Training on Open Contracting and Procurement Transparency

Transparency International Kenya joined Open Contracting Partnership and Transparency International-UK, to organise a training of journalists and CSO representatives on Open Contracting and Procurement Transparency, during Covid-19 pandemic. The training explored how to spot corruption red flags in public contracts and where to find information related to the different stages of the procurement process.

During the 2 hour period held on 12 June 2020, participants drawn from different nations across Africa, also learnt how to identify sources of Open Contracting Data Standards (OCDS) for their countries and regions.  The Action for Transparency project brought together 20 journalists who took part in this engagement, necessary for investigative journalism.

It is estimated that governments across the world spend US$9.5 trillion of tax money every year procuring everything from hospitals and bridges to pencils and brooms, this is why open contracting is important, and the need to empower communities like journalists to investigate procurement transparency.

In Kenya’s 2020/2021 budget, the National Treasury intends to spend KShs. 2.79 trillion, translating to 24.7% of the GDP.  The Budget projections have grown year after year, with the 2020/21 financial year having a special focus on increasing liquidity to save the economy from the effects of Covid-19. Billions more have been set aside for various projects in response to Covid-19, thereby pronouncing the importance of open contracting.

With this training, journalists can be able to follow up the over Kshs. 1.89 Billion in cash and kind donated in Kenya to support addressing the Corona Virus pandemic. Proper planning to ensure Open Contracting Data Standards must be followed in utilisation of this aid, to collusion, avoid price fixing or corruption in general.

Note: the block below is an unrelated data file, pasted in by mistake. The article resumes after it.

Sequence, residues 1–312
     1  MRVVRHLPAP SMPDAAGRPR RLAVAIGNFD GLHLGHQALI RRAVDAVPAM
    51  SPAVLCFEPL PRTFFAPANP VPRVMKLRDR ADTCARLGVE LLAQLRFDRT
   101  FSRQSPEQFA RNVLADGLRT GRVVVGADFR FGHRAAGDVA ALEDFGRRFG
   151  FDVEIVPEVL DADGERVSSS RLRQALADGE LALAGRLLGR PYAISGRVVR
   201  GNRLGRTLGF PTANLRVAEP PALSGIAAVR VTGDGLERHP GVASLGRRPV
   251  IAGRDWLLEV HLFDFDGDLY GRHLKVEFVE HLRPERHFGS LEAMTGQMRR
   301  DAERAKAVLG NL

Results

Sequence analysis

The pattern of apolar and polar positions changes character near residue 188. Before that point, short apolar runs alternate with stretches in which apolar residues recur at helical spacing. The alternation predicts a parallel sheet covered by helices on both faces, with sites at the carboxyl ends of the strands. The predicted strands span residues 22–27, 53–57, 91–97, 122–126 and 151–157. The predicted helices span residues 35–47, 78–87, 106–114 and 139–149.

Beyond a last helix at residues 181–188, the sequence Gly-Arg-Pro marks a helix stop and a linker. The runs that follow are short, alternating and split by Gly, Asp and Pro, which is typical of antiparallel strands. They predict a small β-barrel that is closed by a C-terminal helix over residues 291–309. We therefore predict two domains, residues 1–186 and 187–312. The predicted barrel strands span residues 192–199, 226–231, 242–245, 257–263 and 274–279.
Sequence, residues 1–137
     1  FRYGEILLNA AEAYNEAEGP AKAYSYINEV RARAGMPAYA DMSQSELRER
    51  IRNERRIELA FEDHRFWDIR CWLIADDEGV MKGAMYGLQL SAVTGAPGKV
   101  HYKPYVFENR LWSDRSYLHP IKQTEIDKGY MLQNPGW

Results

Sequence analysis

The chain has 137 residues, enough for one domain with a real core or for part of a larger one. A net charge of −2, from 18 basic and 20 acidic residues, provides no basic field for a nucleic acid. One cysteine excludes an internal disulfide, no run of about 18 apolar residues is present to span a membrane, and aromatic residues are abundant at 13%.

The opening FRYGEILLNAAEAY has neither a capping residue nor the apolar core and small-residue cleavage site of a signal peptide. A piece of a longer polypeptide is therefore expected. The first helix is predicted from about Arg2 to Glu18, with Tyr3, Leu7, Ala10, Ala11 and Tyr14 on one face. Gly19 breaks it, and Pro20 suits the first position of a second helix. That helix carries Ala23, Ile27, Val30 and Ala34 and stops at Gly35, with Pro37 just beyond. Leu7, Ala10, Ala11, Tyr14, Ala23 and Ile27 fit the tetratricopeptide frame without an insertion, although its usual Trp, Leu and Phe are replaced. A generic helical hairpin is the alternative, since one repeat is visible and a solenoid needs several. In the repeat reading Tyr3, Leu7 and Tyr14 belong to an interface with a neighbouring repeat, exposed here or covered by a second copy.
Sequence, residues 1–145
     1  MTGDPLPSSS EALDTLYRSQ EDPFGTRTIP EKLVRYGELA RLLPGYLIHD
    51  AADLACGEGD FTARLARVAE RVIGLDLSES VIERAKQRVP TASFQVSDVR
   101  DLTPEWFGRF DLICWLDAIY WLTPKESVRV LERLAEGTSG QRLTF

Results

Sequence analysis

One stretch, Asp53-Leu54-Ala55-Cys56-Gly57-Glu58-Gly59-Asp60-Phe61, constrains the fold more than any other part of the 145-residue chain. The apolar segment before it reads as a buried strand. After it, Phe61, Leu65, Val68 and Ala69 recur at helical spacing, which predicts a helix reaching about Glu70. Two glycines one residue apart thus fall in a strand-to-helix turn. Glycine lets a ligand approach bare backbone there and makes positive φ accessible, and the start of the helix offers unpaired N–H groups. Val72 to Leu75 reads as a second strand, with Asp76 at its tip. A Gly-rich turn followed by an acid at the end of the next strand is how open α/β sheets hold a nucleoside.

The participants were also given additional resources and links to help them find financial data. Below are a few pointers and links that can support this endeavour.

“Thank you so much for the opportunity. As always, there’s always something new for me to learn from you guys. I enjoyed every bit of it” – Journalist.


“It was an enlightening session” – Journalist.


What does Action for Transparency do?

We empower citizens and government employees to act on corruption experienced in their everyday lives. Using a mobile phone with Internet access, anyone is able to check the amount of government money pledged to each school and health clinic – and the amount actually spent. By exposing which institutions and individuals are involved in corruption and providing the data to journalists and activist groups, we hope we can make corruption less attractive. Follow us to learn more.